Most drivers know that owning a car is an expensive venture, with costs like maintenance, state taxes, fuel, and even depreciation eating up one's budget. Car insurance premiums are another expense that motorists must endure, and in this stagnant economy, the ever increasing cost of protection is a hard pill to swallow. Such is the case for residents in the District of Columbia, New Jersey, and Louisiana who are paying the highest car insurance rates in the country, according to a November 2008 report from the National Association of Insurance Commissioners.
Car insurance premiums are often based on factors such as age, occupation, marital status, medical condition, and geographic location. Drivers in Washington D.C., a major urban area, are hit with understandably higher car insurance premiums than, say, a driver living in rural Vermont because of the increased likelihood of car theft, vandalism, and a higher density of traffic. In both New Jersey and Louisiana, teen drivers are being socked with the highest car insurance rates. According to a recent report from the Ratewatch Report, published by Insurance.com, New Jersey teens pay approximately $6,200 per year for their car insurance policy, while young Louisianans pay a whopping $7,900.
Uninsured drivers are also inadvertently jacking up the cost of car insurance for responsible drivers in these states. According to the NAIC, approximately 600,000 drivers in New Jersey alone are hitting the roads without insurance. Car insurance companies know that sooner or later some of them will be involved in a major road accident, thereby increasing the car insurance premiums for all. Perhaps the primary reason behind much of the high car insurance rates is that all three states have high coverage requirements. According to the NAIC study, the total average car insurance premium in 2006 for D.C. residents was approximately $1,187 per year; $1,185 for New Jersey residents; and Louisiana drivers paid an approximate $1,078 in coverage per year.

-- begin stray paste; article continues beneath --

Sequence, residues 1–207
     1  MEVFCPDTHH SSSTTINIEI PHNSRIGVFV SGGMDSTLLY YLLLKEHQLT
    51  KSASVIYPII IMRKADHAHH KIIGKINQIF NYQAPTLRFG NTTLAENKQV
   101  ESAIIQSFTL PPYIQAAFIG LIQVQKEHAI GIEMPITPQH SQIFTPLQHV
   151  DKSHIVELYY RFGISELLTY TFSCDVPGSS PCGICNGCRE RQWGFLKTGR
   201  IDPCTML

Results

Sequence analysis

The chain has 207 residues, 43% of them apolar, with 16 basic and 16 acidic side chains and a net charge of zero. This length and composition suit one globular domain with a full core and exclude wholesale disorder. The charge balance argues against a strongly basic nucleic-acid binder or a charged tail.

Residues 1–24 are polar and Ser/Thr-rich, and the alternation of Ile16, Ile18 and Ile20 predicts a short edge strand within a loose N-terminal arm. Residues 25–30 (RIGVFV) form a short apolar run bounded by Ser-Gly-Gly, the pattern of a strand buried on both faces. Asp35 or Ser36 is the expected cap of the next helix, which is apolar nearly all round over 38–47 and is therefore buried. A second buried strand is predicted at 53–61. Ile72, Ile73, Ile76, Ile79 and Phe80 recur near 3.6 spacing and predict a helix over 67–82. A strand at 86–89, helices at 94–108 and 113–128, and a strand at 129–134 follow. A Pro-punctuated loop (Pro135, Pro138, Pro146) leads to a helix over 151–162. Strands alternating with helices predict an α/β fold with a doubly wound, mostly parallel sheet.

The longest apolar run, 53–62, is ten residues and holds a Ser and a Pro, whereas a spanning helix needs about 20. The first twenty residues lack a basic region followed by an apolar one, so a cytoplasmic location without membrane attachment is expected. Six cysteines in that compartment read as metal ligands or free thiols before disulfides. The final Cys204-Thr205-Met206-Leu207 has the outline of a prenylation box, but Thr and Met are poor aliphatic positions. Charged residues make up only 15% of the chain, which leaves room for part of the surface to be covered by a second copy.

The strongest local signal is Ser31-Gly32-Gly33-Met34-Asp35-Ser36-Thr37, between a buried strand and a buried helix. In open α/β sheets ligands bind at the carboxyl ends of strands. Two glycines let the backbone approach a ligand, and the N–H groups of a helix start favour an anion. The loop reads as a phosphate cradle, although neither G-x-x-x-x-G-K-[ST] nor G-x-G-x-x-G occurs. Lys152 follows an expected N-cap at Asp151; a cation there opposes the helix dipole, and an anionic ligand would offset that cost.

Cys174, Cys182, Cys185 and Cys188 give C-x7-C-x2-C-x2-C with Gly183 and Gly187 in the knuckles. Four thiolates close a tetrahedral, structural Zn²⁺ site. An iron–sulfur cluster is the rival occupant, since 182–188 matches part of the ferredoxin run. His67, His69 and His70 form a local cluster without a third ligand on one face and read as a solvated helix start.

So, is it possible for residents in all three states to acquire cheap car insurance rates? Many companies are giving drivers the opportunity to take online driving courses, similar to refresher courses in defensive driving, that will help reduce their rates. They include I Drive Safely, USA Training Company, Inc., American Safety, Inc., the American Safety Council, and the National Point and Insurance Reduction Course, Inc. The American Automobile Association also offers classes, which are approved by the Department of Motor Vehicles in each state. Teen drivers can reduce their car insurance rates by obtaining the "good student" classification from a driving instructor, which can often result in a 15 percent savings. Consumers should also comparison shop, say several industry experts.